Scientists are beginning to realize more and more that important changes in genes can be unrelated to changes in the DNA sequence itself – a field of study known as epigenetics – but are just as influential.

A research team at the University of California, San Diego, found that epigenetic changes due to methylation play a key role in altering genes that could potentially contribute specifically to inflammation and joint damage, but also potentially influence cancer and fetal development.

Their study is currently published in the online edition of the Annals of the Rheumatic Diseases.

The researchers, led by Gary S. Firestein, professor in the Division of Rheumatology, Allergy and Immunology at UC San Diego School of Medicine – investigated a mechanism - usually implicated in cancer and in fetal development - called DNA methylation, as contributing to the progression of rheumatoid arthritis (RA).

Firestein: "Genomics has rapidly advanced our understanding of susceptibility and severity of rheumatoid arthritis. While many genetic associations have been described in this disease, we also know that if one identical twin develops RA that the other twin only has a 12 to 15 percent chance of also getting the disease. This suggests that other factors are at play – epigenetic influences."


DNA methylation is one example of epigenetic change.
A strand of DNA is modified after it is duplicated
through the addition of a methyl to any cytosine molecule
or (C) – one of the 4 main bases of DNA.

This is one of the methods used to regulate gene expression, and is often abnormal in cancers and
plays a role in organ development.


While DNA methylation of individual genes has been explored in autoimmune diseases, this study represents a genome-wide evaluation of the process in fibroblast-like synoviocytes (FLS), cells that interact with the immune cells in rheumatoid arthritis (RA) and damages cartilage, bone, and soft tissues of the joint.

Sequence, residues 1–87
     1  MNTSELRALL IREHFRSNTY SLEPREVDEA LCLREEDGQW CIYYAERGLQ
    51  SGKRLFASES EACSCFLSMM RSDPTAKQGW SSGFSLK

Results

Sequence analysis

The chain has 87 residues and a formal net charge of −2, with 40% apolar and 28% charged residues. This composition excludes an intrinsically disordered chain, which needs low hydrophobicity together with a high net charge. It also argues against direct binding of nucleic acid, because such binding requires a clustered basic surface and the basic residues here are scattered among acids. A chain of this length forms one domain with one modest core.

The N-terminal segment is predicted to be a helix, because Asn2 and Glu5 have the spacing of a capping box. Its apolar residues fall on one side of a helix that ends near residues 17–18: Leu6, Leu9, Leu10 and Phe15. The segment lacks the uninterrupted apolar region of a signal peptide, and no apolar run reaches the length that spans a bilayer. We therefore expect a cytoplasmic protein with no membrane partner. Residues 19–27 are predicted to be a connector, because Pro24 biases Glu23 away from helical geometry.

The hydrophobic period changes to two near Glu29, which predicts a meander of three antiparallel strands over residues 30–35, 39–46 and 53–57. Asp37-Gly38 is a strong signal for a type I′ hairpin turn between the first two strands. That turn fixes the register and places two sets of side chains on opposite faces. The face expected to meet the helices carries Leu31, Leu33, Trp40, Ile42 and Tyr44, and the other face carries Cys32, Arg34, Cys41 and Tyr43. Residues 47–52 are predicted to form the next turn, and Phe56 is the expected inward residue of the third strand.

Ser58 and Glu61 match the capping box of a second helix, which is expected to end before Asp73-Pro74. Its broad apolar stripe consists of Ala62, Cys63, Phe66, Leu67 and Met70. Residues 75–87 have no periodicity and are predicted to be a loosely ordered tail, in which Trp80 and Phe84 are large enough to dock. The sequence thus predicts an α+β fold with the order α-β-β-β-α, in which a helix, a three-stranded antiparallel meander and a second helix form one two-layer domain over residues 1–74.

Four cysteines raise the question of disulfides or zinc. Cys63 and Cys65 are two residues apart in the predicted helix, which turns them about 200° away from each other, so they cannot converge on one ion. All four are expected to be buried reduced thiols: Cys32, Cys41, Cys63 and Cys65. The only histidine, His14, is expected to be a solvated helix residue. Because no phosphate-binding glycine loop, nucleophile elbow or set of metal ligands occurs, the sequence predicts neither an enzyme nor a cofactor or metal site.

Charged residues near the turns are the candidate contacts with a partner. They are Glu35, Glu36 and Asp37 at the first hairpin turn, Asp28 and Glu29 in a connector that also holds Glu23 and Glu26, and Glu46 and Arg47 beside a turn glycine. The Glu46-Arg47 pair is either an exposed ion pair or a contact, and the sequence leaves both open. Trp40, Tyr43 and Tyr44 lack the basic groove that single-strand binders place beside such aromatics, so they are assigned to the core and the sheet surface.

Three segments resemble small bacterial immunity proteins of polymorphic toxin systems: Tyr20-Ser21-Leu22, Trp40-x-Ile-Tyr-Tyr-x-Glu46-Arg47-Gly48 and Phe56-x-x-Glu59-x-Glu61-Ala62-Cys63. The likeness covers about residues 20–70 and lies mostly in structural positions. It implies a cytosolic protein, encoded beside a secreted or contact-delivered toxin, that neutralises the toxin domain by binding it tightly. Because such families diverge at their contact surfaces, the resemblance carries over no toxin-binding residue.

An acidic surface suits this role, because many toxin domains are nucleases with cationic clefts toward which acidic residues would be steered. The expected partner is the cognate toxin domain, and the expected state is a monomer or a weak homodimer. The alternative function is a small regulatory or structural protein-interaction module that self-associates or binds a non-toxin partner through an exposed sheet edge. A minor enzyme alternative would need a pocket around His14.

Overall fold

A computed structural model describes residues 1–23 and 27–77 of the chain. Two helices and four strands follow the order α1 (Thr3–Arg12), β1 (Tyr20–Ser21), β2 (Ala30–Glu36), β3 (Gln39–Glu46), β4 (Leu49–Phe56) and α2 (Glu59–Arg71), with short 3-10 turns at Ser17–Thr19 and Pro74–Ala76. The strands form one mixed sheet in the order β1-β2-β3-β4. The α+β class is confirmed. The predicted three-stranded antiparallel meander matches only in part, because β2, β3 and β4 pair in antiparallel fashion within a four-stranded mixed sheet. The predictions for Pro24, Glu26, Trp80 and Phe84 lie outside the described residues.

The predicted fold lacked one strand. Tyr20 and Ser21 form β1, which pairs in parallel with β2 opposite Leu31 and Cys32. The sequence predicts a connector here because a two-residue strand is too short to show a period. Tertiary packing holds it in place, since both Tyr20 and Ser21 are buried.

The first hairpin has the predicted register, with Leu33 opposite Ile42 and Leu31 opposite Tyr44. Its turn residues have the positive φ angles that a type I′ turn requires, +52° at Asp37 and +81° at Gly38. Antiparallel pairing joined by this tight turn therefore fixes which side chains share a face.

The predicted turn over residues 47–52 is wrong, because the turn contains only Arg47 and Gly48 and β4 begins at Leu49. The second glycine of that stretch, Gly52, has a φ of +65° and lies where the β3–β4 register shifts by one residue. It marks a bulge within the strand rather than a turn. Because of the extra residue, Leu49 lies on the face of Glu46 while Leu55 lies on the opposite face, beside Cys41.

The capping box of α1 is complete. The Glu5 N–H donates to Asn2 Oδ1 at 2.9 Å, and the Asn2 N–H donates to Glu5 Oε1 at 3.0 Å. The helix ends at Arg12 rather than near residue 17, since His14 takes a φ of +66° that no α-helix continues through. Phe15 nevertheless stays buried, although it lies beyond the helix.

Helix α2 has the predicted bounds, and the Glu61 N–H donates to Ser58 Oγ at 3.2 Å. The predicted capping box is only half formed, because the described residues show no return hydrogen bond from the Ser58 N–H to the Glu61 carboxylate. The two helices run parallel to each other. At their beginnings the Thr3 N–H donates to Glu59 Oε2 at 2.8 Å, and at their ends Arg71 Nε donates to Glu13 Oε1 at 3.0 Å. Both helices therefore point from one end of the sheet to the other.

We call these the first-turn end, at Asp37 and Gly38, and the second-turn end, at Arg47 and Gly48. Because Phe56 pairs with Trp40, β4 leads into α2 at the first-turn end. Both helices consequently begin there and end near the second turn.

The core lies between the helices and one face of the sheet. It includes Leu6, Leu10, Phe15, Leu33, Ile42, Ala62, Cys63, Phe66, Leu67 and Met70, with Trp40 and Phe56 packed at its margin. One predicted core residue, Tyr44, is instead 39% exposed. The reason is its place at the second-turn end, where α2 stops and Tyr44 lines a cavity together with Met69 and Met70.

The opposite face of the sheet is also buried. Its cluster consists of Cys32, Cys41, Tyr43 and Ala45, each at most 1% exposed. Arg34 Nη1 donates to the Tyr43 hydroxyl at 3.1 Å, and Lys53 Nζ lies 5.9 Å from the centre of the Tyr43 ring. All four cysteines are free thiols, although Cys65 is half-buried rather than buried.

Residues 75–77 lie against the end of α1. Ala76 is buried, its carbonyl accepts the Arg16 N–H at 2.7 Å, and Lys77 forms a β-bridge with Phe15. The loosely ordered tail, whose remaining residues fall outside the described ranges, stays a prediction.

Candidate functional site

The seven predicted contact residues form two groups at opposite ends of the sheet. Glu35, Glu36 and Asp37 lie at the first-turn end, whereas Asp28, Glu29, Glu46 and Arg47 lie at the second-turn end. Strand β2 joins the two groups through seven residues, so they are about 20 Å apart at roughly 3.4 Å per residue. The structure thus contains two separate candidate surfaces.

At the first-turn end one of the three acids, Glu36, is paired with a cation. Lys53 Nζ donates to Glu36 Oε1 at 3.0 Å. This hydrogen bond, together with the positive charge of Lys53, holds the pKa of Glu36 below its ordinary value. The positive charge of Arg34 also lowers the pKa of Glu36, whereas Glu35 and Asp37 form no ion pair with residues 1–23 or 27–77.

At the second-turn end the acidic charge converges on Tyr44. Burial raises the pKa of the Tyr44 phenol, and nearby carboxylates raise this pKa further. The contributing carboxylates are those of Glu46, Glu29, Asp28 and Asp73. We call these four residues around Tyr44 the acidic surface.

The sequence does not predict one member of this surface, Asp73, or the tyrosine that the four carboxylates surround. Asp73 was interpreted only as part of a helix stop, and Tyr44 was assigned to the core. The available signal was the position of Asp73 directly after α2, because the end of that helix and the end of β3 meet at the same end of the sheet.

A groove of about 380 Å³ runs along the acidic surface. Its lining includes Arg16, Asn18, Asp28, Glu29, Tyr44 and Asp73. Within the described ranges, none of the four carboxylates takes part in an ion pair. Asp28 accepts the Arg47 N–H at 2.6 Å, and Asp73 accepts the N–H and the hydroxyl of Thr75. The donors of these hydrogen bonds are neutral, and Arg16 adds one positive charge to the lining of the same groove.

In this study, scientists isolated and evaluated genomic DNA from 28 cell lines. They looked at DNA methylation patterns in RA FLS and compared them with FLS derived from normal individuals or patients with non-inflammatory joint disease.


The data showed that the fibroblast-like synoviocytes (FLS)
cells in rhuematoid arthritis display a DNA methyl
signature distinguishing them from
osteoarthritis and normal FLS cells.

These FLS cells possess methylated genes critical to the extracellular matrix which regulates cell survival, cell proliferation, cell differentiation, and cell migration.


"We found that hypomethylation of individual genes was associated with increased gene expression and occurred in multiple pathways critical to inflammatory response." Gary S. Firestein, Division of Rheumatology, Allergy and Immunology, UC San Diego School of Medicine

This led to the researchers conclusion: Methylated genes can alter FLS genes and contribute to the pathology of rhuematoid arthritis.

Additional contributors include Kazuhisa Nakano and David L. Boyle, UCSD Department of Medicine; and John W. Whitaker and Wei Wang, UCSD Department of Chemistry and Biochemistry.

This project was supported by grant number UL1RR031980 from the National Institutes of Health's National Center for Advancing Translational Science.

NexDx, Inc. licensed the technology from UC San Diego and provided informatics support for this study. Gary S. Firestein and Wei Wang are on the Scientific Advisory Board of NexDx, Inc.

Original article: http://www.eurekalert.org/pub_releases/2012-07/uoc--eag070312.php